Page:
Tuesday, April 18, 2006
The Problems With 2.0
2.0 is supposed to be a deeply humanizing thing. Is it?
"...Day realized the value of focus after a misguided mashup of his politics and business.
''I used to have liberal politics on my website as well, but my mentor said, 'Dude, you gotta trim that off.' Which was fine because in the world of liberal politics I was just another piece of noise."
I face this tension all the time. Last week, after I responded to Steve Gillmor's idiotic attack one me, I received a ton of mail basically saying "dude, we're interested in your insights, not this nonsense".
In both cases, the problem is the same: blogs are reinforcing old divisions, not breaking them down. Will the same hold for the rest of 2.0? I think it is a very big question.
Umair, I've been saying forever that 2.0 is not going to make us better people or change human nature. In many cases it just gives people new channels and individual megaphones for the same old crap.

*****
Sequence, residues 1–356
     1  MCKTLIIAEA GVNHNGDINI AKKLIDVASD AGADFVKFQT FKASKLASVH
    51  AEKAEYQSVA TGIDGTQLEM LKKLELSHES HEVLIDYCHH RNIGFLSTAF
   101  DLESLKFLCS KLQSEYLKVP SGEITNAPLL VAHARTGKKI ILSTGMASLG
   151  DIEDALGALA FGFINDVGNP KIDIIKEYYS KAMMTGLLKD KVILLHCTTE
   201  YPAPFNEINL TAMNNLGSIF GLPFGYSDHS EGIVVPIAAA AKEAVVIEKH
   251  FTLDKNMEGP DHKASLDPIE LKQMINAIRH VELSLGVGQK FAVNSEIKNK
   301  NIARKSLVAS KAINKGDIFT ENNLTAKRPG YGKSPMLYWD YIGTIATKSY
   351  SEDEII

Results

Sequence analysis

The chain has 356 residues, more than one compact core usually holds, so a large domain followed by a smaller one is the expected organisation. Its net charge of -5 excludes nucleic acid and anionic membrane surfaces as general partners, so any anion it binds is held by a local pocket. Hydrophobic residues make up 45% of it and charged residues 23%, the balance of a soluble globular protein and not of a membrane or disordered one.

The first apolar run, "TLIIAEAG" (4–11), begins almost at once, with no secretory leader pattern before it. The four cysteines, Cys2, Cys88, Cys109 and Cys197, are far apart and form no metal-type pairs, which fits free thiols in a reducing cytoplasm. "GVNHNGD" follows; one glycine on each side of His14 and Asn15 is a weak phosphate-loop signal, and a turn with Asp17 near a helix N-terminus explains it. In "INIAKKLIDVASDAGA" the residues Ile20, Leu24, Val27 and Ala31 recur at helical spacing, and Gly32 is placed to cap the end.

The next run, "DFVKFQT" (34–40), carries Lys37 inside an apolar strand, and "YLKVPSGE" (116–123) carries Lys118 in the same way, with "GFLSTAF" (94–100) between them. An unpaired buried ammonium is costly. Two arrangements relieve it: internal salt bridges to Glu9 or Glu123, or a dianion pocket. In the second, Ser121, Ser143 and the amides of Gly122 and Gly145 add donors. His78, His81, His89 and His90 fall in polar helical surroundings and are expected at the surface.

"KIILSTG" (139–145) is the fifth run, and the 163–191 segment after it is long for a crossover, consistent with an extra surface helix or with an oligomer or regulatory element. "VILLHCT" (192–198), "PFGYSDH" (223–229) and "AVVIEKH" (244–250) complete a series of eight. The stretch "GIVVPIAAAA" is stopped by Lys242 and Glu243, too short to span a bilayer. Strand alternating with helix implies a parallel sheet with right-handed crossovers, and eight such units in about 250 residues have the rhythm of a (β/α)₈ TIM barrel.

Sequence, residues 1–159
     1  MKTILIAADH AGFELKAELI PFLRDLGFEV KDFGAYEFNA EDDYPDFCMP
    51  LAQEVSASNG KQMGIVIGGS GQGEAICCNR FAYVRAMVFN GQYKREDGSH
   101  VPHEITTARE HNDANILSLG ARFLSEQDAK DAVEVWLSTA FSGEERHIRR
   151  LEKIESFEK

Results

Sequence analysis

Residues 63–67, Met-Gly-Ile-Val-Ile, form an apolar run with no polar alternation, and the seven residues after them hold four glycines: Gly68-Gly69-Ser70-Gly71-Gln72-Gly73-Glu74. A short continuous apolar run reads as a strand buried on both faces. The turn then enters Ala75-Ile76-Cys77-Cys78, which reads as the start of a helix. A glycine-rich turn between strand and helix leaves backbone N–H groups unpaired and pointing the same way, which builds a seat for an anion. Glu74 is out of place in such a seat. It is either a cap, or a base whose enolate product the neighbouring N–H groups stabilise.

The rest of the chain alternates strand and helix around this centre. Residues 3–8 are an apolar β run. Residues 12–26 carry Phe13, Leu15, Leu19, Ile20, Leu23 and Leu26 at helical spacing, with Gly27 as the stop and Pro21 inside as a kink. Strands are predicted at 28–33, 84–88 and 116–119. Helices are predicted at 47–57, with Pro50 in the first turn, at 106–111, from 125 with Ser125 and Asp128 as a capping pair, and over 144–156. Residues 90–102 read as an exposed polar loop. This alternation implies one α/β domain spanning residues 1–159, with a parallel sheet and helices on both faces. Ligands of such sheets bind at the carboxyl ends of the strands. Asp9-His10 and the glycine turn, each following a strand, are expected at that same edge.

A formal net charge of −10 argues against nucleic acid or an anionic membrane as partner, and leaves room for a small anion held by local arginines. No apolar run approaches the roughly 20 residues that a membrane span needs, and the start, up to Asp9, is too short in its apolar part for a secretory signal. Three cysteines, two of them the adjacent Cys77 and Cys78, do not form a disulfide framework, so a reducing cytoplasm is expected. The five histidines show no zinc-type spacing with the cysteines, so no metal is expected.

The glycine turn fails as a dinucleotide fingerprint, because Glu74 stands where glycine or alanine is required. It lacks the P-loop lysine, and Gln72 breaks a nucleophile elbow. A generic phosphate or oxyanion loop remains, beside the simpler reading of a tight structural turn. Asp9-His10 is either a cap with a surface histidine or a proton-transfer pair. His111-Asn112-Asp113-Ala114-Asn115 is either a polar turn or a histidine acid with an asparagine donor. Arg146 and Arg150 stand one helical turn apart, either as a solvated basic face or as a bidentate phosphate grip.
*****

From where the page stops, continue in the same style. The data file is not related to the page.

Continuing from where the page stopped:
What might have been personal dirty laundry between you and Steve Gillmor now gets aired in front of everybody.
Progress? You're certainly right to question.
I claim that the best blogs are the ones where I get a true sense of the author, thorns and all. Perhaps this might not help leveraging your message to the widest audience, but it does strengthen any relationships that do emerge.
Much like business IRL, are you interested in a multitude of weak ties or a handful of strong ties? The win of blogging is turning the handful into a bushel; not neccesarily inreasing the multitude of anonymity.